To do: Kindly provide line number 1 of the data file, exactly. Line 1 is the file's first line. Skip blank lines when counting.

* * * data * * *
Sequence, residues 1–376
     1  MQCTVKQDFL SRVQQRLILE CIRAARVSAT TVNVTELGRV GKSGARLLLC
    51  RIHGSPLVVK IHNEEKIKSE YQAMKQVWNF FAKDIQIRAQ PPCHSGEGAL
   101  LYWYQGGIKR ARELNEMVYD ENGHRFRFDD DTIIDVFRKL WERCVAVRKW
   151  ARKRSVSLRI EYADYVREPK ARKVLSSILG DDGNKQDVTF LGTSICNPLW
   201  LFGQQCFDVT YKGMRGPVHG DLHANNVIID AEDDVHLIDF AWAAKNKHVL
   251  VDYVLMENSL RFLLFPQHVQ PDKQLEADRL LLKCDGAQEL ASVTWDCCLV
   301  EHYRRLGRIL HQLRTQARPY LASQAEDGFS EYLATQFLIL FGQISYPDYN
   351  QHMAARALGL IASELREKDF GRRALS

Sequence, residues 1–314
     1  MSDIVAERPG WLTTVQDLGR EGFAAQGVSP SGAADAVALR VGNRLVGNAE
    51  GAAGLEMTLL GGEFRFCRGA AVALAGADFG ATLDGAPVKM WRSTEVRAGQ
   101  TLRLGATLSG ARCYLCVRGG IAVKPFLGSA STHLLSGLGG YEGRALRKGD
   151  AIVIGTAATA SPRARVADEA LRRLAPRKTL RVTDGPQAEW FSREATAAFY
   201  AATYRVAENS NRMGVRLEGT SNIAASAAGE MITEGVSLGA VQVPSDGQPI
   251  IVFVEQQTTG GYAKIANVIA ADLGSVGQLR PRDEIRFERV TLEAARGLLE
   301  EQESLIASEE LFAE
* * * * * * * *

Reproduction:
Sequence, residues 1–376